That has devastated the country's all-important tourism industry, which makes up more than a tenth of all economic activity. But it's proved a boon for travelers willing to defy official warnings from the U.S. and other countries against coming to Egypt.
Hotel and restaurant prices have dropped, sometimes by half, as has the Egyptian pound, making the already affordable country even more so. Once at the sights, travelers find themselves usually alone with some of the world's greatest treasures, be they gold death masks of pharaohs or the sublime centuries-old mosques soaring above old Cairo. Tourist sites have become forlorn, even serene-- more befitting these dignified survivors of the millennia.
Australian Mary Hill said she had been traveling across Europe with a friend over this summer and hadn't kept up on the news from Egypt. However, they had already booked a visit, and were set on going, even after they heard about the bloodshed.
"We were at a stage in our trip where we had to take a chance," Hill said as she stepped out of the child pharaoh Tutankhamen's exhibit at the Egyptian Museum. "And in the end, it's been positive."
"From the country's perspective, of course, it's not good."
The dearth of business has driven already predatory vendors and guides into a frenzy, with the U.S. Embassy in Egypt even issuing an alert in June about "over-aggressive vendors." Visitors had come across "angry groups of individuals surrounding and pounding on the vehicles," the embassy reported, "and in some cases attempting to open the vehicle's doors."
On my pyramid trip, one young guide jumped onto the back of our car and clung to the rear window, while our driver abruptly braked and zoomed ahead and wove from lane to lane to try to shake him off. Only a block later did the driver convince the guide's friends to keep the young man off the bumper.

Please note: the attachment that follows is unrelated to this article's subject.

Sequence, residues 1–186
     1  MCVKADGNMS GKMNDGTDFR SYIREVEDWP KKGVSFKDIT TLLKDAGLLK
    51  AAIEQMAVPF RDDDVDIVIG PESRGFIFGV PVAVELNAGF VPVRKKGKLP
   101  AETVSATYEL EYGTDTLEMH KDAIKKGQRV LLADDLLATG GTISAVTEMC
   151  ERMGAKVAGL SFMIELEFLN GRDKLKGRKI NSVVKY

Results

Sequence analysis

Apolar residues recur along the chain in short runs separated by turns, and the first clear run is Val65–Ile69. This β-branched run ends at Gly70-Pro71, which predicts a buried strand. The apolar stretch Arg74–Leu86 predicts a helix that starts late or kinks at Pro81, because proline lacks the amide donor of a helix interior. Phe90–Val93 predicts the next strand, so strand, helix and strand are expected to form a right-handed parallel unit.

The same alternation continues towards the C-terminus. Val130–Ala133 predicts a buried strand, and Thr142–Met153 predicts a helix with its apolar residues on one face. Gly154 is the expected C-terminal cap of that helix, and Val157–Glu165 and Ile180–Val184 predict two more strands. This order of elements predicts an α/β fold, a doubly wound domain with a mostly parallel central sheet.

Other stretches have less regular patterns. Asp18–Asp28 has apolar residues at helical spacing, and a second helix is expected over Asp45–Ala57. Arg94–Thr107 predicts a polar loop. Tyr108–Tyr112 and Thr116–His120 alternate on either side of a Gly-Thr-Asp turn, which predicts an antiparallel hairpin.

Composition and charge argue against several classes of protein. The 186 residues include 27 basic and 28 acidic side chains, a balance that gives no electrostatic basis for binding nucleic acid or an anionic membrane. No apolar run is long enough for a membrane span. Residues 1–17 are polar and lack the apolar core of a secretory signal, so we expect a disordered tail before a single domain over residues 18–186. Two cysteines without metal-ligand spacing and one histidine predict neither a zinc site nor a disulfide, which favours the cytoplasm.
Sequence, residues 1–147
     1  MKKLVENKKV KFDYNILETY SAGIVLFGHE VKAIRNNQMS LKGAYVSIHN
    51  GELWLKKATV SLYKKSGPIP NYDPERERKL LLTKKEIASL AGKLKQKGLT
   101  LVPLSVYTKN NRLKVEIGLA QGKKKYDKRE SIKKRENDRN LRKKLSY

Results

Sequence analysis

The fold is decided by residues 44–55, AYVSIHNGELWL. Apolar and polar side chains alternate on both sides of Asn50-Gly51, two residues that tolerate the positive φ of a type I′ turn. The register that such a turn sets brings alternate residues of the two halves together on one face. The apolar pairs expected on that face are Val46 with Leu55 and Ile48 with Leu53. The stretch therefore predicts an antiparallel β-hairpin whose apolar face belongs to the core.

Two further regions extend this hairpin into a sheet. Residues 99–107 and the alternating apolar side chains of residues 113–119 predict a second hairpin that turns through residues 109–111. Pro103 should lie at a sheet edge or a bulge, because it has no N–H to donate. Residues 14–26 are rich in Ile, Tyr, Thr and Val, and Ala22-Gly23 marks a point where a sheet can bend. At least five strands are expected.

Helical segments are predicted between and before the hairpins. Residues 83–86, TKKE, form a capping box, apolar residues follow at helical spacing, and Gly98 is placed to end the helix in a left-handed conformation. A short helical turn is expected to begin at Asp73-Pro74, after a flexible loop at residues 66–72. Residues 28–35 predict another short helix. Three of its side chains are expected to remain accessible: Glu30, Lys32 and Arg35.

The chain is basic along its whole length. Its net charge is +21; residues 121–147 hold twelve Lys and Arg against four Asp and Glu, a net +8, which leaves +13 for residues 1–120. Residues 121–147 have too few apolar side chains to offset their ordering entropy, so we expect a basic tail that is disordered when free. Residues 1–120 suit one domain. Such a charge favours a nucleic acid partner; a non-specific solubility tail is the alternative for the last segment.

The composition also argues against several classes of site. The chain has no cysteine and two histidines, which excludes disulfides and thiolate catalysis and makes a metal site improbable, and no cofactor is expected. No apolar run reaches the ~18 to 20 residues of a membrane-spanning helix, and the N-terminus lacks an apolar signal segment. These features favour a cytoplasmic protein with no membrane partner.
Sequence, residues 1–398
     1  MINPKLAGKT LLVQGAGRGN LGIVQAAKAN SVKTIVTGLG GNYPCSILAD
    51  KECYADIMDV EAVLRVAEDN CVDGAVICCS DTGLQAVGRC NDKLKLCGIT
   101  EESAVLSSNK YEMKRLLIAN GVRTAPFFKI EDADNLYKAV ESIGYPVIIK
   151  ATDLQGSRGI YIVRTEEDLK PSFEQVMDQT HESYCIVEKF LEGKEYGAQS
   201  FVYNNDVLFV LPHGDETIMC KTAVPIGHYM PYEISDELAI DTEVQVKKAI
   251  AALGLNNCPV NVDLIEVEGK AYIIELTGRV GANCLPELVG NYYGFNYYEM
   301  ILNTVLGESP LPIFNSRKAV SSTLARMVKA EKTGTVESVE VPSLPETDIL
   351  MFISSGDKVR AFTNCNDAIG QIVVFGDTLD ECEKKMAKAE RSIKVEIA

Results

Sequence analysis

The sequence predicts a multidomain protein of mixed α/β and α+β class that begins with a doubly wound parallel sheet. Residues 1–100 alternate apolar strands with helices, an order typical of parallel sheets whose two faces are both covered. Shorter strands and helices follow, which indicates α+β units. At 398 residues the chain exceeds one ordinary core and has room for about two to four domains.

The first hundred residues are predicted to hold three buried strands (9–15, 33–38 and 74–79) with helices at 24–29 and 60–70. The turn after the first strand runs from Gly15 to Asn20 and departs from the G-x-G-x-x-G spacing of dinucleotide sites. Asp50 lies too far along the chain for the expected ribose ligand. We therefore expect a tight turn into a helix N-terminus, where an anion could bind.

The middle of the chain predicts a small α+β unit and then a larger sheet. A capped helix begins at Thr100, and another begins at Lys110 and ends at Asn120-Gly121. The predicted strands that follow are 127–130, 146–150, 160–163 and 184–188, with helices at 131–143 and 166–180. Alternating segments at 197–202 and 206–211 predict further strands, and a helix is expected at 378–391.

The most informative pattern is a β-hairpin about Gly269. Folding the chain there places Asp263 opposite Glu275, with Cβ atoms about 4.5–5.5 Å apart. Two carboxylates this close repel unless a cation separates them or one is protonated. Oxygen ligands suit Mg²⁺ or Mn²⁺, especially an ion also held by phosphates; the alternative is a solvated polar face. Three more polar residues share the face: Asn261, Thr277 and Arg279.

Then came the vendors inside the pyramid complex, who tried out their usual pitches before moving onto more desperate Plan Bs.
"There's no business here, there are no more tourists," one camel rider said, the ache in his voice sounding genuine. "I have a family. We need to eat."
In the winding alleys of the Khan el-Khalili bazaar in old Cairo, merchants tried to physically stop what rare visitors they spotted walking through as they hocked limestone miniature pyramids and bright cotton fabrics.
Shop owner Mohamed Hafez said his sales had fallen by "100 percent" since Egyptians first took to the streets 2 1/2 years ago.
"There used to be a lot of tourists, a lot of nationalities," Hafez said, while cooling down in the air-conditioned inner sanctum of his souvenir shop. "Now, it's nothing. We just want safety, no more revolutions."
Wooing back those visitors has become a top priority, even with all the military vehicles and checkpoints in the streets. Dallas-based college student Deniz Mustafa had, in fact, flown into Cairo as part of a volunteer project inviting youth from around the world to visit and tout Egypt's top tourist sites.
Two weeks after his arrival in July, however, Morsi was violently removed, and the volunteer project was cancelled. Mustafa responded by hitting the road and seeing Egypt, flying down to Luxor and up to the Red Sea resort of Dahab, where empty restaurants were offering 50 percent discounts on entire menus.
Mustafa and a fellow volunteer from China had since moved onto the Egyptian Museum, where they were studying the ancient granite statues of Egyptian nobles and the small wooden ships buried with pharaohs.
"Any time you go to a temple or climb Mount Sinai, you have a more personal experience now," Mustafa said. "It's just you and the tour guide up there."
That peace was without a doubt a fragile one. The city still goes dead every Friday afternoon in anticipation of Muslim Brotherhood protests that can turn violent in an instant. Nighttime curfews were also in effect while I was there, effectively shutting down Cairo's buzzing nightlife.
Everyone was nervously waiting for the Brotherhood's response to the repression and expecting the worst. On one night in the bar of my hotel, the pops of explosions outside immediately silenced all conversation, as we wondered whether the violence was indeed back. A quick check out on the street confirmed they had only been fireworks.
For visitors, it all made for a rare glimpse into a proud country trying to figure out its future and also a chance to see Egypt free of many of the usual hassles. The dangers were real but mostly manageable.
The threat of a U.S. strike on Syria, however, made some Americans nervous about revealing their nationality. And if the political troubles flare up again in Egypt, even the bravest traveler will have to think twice about coming.